Teaching “Sustainable Development Goals” Game at HEC Paris to train our leaders
The 2030 Sustainable Development Goals (SDGs) game is taught at HEC Paris. Also known as the Global Goals, the 193 member states of the United Nations agreed in 2015 to achieve them before 2030. The SDGs are a plan of action consisting of 17 goals and 169 concrete targets to end poverty, protect the planet and ensure prosperity for all as part of a new sustainable development agenda. In this interview, Georg Wernicke, Assistant Professor at the Strategy and Business Policy Department, explains the stakes of this game for our leaders and future leaders to understand and address social and environmental issues.
Can you explain the 2030 SDGs game and its advantages?
Georg Wernicke: This game is a multiplayer card-based game that simulates taking the “real world” into 2030. The idea behind the game is simple but super powerful. The SDGs are ambitious and can seem overwhelming only due to their volume and scope. While dramatic in their potential impact on the world, approaching them can be daunting.
A game approach to introducing the SDGs has three powerful advantages. First, it gives people a direct experience of participating in co-creating a sustainable world. In other words, it lets them experience the “I can do it” and “what I do makes a difference.” Second, it simplifies a complex issue and makes it accessible while stimulating our curiosity to learn more. Third, it activates players’ will to set their aim toward a worthy goal, simultaneously building confidence and making it enjoyable. It hence inspires and motivates them to take action in the real world.
The game’s purpose is not to provide participants with detailed theoretical knowledge about the 17 SDGs and/or the 169 targets. Instead, it intends to create awareness, especially about two things: first, to have a clear understanding of why our world needs the SDGs now. Second, to experience what possibilities the SDGs bring to the world. Hence, participants gain an experiential understanding (rather than a theoretical understanding) of the SDGs’ essence through playing the game.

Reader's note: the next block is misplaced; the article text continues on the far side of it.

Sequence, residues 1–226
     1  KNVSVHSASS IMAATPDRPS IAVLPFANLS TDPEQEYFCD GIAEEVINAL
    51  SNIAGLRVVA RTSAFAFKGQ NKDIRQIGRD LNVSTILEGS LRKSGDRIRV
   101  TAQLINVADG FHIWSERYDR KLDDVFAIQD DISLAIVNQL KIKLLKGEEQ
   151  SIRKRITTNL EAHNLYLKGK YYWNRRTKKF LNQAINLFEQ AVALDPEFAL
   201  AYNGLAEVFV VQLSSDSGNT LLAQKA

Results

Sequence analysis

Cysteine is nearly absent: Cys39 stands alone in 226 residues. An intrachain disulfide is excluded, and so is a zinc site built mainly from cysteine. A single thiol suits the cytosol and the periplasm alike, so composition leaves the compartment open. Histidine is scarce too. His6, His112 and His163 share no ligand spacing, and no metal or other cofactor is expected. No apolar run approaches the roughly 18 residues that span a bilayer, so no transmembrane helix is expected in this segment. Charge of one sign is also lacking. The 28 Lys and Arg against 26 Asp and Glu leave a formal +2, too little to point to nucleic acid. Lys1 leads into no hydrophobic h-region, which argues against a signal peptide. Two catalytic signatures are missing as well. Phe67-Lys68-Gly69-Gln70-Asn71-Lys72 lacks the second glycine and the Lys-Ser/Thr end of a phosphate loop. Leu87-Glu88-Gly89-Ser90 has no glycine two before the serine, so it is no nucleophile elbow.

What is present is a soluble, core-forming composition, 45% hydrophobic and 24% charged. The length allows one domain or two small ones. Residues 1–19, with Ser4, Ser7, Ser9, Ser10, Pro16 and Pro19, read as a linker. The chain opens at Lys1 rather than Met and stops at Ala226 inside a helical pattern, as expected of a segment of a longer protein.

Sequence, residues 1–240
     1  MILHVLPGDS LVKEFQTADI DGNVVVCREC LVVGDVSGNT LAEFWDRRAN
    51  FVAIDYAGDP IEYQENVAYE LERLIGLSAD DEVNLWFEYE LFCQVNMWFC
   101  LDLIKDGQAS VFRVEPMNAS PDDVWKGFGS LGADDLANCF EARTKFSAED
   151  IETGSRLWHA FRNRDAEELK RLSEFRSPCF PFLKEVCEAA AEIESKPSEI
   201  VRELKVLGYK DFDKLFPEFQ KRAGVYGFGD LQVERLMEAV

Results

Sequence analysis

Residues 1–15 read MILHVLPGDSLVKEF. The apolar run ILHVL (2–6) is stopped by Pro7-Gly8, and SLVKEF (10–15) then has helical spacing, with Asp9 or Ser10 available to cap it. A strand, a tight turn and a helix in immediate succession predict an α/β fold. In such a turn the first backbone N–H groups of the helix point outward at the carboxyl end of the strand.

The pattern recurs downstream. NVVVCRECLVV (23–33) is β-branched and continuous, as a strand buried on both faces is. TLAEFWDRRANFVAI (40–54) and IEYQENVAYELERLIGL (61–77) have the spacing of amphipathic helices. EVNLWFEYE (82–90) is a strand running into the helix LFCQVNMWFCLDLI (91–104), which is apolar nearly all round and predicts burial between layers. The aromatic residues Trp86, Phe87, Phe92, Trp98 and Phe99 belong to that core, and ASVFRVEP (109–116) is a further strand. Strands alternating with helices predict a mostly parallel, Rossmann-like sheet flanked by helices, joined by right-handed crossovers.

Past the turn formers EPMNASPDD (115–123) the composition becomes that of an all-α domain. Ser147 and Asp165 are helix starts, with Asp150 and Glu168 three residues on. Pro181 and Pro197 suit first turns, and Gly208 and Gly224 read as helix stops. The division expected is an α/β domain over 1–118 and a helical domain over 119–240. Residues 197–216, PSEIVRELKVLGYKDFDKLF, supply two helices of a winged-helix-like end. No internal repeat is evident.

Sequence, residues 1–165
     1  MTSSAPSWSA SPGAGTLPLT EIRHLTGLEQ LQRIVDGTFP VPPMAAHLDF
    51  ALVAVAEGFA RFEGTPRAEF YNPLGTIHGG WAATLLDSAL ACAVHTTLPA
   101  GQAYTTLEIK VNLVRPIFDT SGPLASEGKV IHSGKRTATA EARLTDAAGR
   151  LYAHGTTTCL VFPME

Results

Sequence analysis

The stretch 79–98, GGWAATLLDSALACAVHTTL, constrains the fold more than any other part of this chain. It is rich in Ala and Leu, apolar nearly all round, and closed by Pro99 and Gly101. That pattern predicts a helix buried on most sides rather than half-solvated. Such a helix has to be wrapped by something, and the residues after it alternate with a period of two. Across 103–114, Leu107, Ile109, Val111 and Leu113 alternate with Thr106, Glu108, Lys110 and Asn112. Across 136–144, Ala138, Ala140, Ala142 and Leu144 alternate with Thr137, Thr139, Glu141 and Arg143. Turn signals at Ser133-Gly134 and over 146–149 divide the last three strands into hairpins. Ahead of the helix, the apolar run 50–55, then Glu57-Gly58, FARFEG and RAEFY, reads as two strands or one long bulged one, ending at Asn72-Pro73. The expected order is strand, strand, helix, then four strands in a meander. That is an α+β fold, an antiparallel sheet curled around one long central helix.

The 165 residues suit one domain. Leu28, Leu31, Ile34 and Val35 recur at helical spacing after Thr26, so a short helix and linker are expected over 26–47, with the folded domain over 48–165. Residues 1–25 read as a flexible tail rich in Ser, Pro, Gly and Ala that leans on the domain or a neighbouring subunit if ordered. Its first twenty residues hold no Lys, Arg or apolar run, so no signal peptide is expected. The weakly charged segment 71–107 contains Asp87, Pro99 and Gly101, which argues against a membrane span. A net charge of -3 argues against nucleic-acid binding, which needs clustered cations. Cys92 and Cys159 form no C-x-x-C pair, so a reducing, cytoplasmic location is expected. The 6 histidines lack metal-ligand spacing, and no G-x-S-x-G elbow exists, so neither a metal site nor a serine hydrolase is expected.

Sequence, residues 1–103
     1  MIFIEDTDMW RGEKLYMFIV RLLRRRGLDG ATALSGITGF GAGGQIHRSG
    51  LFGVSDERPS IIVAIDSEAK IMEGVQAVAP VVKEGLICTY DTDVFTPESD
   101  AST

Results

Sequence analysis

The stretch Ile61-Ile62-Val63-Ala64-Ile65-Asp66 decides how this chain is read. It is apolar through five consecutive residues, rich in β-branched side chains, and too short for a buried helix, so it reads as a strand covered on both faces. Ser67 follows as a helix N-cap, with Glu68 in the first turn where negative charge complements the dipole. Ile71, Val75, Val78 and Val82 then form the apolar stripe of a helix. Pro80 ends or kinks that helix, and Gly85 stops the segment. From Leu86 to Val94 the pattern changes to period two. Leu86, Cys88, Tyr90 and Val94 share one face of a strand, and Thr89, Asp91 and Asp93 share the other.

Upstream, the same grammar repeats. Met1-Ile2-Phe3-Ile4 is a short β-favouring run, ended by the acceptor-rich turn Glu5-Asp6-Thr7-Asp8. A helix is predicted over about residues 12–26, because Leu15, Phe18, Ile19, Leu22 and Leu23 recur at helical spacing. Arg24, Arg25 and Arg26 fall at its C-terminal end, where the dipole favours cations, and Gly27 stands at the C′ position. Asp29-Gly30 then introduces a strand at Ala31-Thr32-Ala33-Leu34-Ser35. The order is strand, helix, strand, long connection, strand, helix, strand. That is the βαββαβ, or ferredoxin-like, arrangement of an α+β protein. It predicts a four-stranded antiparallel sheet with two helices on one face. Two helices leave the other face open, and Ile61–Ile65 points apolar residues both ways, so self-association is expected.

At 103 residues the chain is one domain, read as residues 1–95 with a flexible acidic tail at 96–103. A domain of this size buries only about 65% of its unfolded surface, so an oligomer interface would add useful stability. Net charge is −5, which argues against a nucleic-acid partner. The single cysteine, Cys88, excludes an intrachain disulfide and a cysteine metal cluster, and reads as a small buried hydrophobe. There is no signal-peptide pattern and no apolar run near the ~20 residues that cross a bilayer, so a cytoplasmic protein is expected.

Why did you want to teach this at HEC Paris?
Sustainability is dear to my heart, I made it a focus of my research, and I try to include it in my teaching whenever possible. The SDGs are about the big issues our world faces, such as poverty, climate change, urbanization, sustainable economic growth, diversity and inclusion. I am deeply impressed by how eager our students are to engage with the subject, and I am happy to see the many new initiatives introduced at HEC that speak to these topics (like the new purposeful leadership program facilitated by HEC’s S&O (Society and Organizations) Institute or the climate map workshops).
Nevertheless, I was looking for an experiential tool that would allow students to drive outcomes and to experience the SDGs themselves.
Which students are involved in this game at HEC Paris?
The specialized master programs in Strategic Management, Accounting and Financial Management, and the Sustainability and Social Innovation program introduced the game. For these programs, we use the game during the Welcome week. For students in the CEMS program, I will facilitate the game as part of a multiple-day course. For MBA students in the “Sustainable & Disruptive Innovation” specialization, we included the game in the specialization’s capstone course. There are some signals of interest from the executive programs and customized programs, but due to the COVID-19 crisis, these have unfortunately been put on hold.
In Japan, where the game was developed, it is used in schools, universities. But it is also frequently played during workshops with top managers, including CEOs. If I can voice a dream, I hope HEC Paris makes this experience available to all our students, whether they are in the Grande Ecole, specialized Masters, MBA, EMBA or participants in our customized programs.
What was your experience facilitating the game at HEC Paris?
My experience facilitating the game at HEC Paris was genuinely fantastic. Because of the health crisis, we had less than perfect circumstances. I would have preferred to hold the game in the vast Hall d’Honneur so that we could spread out students over a large area. Also, the game is highly interactive. So on top of facilitating the game, part of my job became to make sure we keep respecting the social distancing rules. But regardless of the circumstances, students enjoyed it, and the feedback has been extremely positive. I saw students standing on chairs, one even on a table, to foster coordination between teams. When we debriefed the game experience, I was impressed by the level and depths of reflection we achieved. It was amazing to see different conclusions and ideas about addressing the SDGs evolving from the participants. I look forward to facilitating the 2030 SDGs Game at HEC Paris again. The sooner, the better!